The creators of Six Days in Fallujah claim that gambling and politics are inseparable


The editor of Six Days In Fallujah, Victura, has said that he understands that the events of his game are “inseparable from politics”, which somewhat contradicts the comments of the company’s CEO, Peter Tamte, made last month.

In February, Tamte said that the game does not try “make a political comment on whether the war itself was a good or bad idea” Y “It will not deal with the political machinations that led to the conflict”. The comments drew criticism for, among other things, apparently showing a desire to remove important context from a game about a real-life battle in which more than 100 members of the armed forces, more than 1,000 insurgents and at least 800 were killed. civilians.

victura issued a statement today which seems to back off on Tamte’s comments. It begins by saying: “We understand that the events recreated in Six Days In Fallujah are inseparable from politics.”.

The statement continues:

“The stories of Six Days In Fallujah are told through games and documentary footage that features service members and civilians with diverse experiences and opinions on the Iraq war. So far, 26 Iraqi civilians and dozens of service members have shared the most difficult moments of their lives with us, so that we can share them with you, in their words.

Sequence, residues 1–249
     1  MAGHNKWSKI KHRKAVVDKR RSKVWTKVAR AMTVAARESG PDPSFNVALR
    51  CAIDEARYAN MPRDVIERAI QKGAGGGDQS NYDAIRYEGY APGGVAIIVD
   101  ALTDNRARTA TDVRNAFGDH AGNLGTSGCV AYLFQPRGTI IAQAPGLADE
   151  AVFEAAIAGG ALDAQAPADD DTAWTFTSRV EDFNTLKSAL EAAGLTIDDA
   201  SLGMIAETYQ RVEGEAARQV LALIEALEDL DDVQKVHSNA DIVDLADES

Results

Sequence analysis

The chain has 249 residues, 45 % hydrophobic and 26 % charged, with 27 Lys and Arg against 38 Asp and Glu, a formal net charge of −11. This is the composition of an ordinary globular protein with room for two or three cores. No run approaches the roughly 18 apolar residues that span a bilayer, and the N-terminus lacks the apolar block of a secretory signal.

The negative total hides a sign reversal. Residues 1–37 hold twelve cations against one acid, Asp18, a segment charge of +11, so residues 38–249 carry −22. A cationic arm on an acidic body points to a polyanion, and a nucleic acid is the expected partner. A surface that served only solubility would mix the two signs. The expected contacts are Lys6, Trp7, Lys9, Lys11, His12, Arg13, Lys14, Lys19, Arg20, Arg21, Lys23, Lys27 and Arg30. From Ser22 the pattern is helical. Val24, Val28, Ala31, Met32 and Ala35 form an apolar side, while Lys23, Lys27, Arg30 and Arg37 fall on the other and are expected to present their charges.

The documentary segments discuss many difficult topics, including the events and political decisions that led to the Fallujah battles, as well as their aftermath. While we do not allow players to use white phosphorous as a weapon during gameplay, its use is described during documentary segments.

During the game, players will participate in stories that are given context through the documentary segments. Each mission challenges players to solve real military and civil battle scenarios interactively, offering a perspective on urban warfare that is not possible through any other medium.

We believe that the stories of the sacrifices of this generation deserve to be told by the Marines, soldiers and civilians who were there.

We trust that you will find the game, like the events it recreates, to be complex. “.

While it seems clear that Victura’s statement has been published to counter some of the criticism mentioned above, it has not provided an explanation as to the timing of the publication, nor does it include any mention of Tamte’s earlier comments. Tamte himself has yet to comment, and the statement is not attributed to any particular Victura member. We have contacted the editor for comment.

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Six Days In Fallujah was announced and canceled in 2009 after criticism of its approach, before being revived for release in 2021. The publisher has previously insisted that the game is not an Army recruiting tool.